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Tax rate for fire district set at 90.5 cents for fiscal 2004


A fiscal 2004 tax rate of 90.5 cents per $100 of assessed valuation recently was established by the Mehlville Fire Protection District's Board of Directors.

The fiscal 2004 rate of 90.5 cents per $100 is 1.5 cents less than the current rate of 92 cents and is expected to generate about $638,000 more in tax revenue compared to 2003.

Although the projected tax rate decreased from the 2003 tax rate of 92 cents per $100 of assessed valuation, the district's revenue is expected to increase by about 3 percent because of increased assessed valuation.

The assessed valuation for the district increased by more than $100 million, from 2003's amended assessed valuation of $1,741,160,404 to the 2004 projection of $1,841,932,528.

Revenue from real estate taxes is projected to increase by 6 percent to more than $13 million in 2004 from more than $12 million this year.

The tax rate had to be decreased because 90.5 cents is the maximum amount allowed given the new assessed valuation, according to Missouri's Hancock Amendment, which limits the amount of taxes that can be collected without voter approval.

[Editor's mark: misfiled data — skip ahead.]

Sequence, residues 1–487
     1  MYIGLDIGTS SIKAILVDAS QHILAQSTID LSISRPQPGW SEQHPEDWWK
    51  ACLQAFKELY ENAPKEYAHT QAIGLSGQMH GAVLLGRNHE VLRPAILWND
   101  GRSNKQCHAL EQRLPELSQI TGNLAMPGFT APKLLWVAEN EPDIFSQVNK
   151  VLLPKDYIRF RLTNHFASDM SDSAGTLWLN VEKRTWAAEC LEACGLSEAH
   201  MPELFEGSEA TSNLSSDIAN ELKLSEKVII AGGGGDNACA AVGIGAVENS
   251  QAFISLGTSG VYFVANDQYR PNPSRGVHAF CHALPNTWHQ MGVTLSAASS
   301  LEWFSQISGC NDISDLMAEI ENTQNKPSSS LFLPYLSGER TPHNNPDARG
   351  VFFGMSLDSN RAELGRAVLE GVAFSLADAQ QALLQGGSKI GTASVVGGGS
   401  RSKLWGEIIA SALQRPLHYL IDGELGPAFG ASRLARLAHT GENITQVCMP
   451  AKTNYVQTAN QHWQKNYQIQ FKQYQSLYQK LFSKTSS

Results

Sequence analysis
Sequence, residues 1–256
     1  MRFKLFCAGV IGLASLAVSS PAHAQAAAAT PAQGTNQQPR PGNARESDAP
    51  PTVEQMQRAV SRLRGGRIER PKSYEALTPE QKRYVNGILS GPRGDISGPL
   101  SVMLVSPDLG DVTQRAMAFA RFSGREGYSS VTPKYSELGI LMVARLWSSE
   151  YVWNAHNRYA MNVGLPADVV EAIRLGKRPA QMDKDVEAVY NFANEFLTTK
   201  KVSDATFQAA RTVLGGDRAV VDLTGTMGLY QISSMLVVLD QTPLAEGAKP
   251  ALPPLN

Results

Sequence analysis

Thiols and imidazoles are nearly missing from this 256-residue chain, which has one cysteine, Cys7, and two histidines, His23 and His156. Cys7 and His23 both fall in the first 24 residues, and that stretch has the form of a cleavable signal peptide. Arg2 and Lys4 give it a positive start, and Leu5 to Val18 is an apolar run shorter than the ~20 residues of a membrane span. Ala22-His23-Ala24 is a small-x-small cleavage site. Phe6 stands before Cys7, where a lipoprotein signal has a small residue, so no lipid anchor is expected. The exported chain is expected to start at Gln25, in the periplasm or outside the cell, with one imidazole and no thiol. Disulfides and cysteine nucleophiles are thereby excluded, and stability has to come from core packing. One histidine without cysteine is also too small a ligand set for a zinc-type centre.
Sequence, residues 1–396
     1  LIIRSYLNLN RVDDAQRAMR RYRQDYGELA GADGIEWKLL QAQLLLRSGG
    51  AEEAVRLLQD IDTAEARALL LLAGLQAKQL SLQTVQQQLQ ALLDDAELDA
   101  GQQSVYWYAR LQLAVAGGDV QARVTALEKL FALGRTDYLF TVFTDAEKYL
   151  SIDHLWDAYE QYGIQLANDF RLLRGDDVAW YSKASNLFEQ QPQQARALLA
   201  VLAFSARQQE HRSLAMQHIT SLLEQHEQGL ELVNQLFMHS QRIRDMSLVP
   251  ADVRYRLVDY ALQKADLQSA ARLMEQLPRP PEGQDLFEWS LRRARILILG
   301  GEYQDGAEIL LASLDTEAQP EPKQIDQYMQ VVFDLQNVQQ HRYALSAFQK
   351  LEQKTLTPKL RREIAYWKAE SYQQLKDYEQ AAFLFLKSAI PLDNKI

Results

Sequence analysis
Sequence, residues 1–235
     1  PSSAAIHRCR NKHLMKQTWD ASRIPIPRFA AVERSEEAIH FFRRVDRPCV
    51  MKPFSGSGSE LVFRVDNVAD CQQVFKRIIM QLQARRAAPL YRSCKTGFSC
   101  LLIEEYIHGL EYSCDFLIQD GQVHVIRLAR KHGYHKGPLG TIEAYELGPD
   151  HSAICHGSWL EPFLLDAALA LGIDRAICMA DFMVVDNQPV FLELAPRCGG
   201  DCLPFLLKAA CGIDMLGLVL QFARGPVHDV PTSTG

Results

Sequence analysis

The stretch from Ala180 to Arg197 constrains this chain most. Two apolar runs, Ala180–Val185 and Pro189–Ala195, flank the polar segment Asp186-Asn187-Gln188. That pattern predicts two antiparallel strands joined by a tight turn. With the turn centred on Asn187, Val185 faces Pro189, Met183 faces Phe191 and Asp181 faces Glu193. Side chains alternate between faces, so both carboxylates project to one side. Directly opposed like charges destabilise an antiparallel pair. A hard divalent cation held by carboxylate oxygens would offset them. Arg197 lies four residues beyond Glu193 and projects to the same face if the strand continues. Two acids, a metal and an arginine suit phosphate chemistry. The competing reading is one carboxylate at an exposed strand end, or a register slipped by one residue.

Board Chairman Tom O'Driscoll and Treasurer Dan Ottoline Sr. voted to approve the tax rate Aug. 25. At that meeting, the two also voted to appoint David Gralike to the board to fill the seat formerly held by former chief Joseph Gaterman, who lost his battle with cancer April 29.

Gralike was scheduled to be sworn in Monday night — after the Call went to press.

The approved tax rate of 90.5 cents per $100 of assessed valuation breaks down as follows:

• General fund — 55.1 cents.

• Ambulance fund — 21.5 cents to provide emergency ambulance service in the district.

• Pension fund — 9.3 cents, which is a half-cent less than the current fiscal year.

• Alarm fund — 4.6 cents to provide central fire and emergency dispatching service in the district.

The final 2004 budget will be presented in December, but the district's preliminary budget presented to and approved by the Board of Directors projects total expenditures of $18,536,464 with estimated revenues of $19,132,627 — a surplus of $596,163.

"This is a draft, not a final document. There probably in all likelihood will be some modifications to this ... The department heads still need to do some fine tuning on this and eliminate anything that might be deemed nonessential to the operating of the district," district Comptroller Jeff Geisler told the board.

Geisler said he did not anticipate change in the revenue besides in ambulance billing and inspection fees. More experience with the ambulance billing policy could help district officials "get a better handle" on the revenue being collected. Inspection fees, he said, are being reviewed in relation to other districts and may be changed.

"It's been a period of time, I guess, since we have looked at that, and, in theory, the inspection office should generate enough income to cover its cost and presently it's not, so we're going to look at reviewing that and make any adjustments that may need be ...," Geisler said.

Total expenditures for the district in 2004 are projected to increase from 2003's amended budget by about $652,000 — from $17,900,106 in 2003 to $18,551,891 in 2004.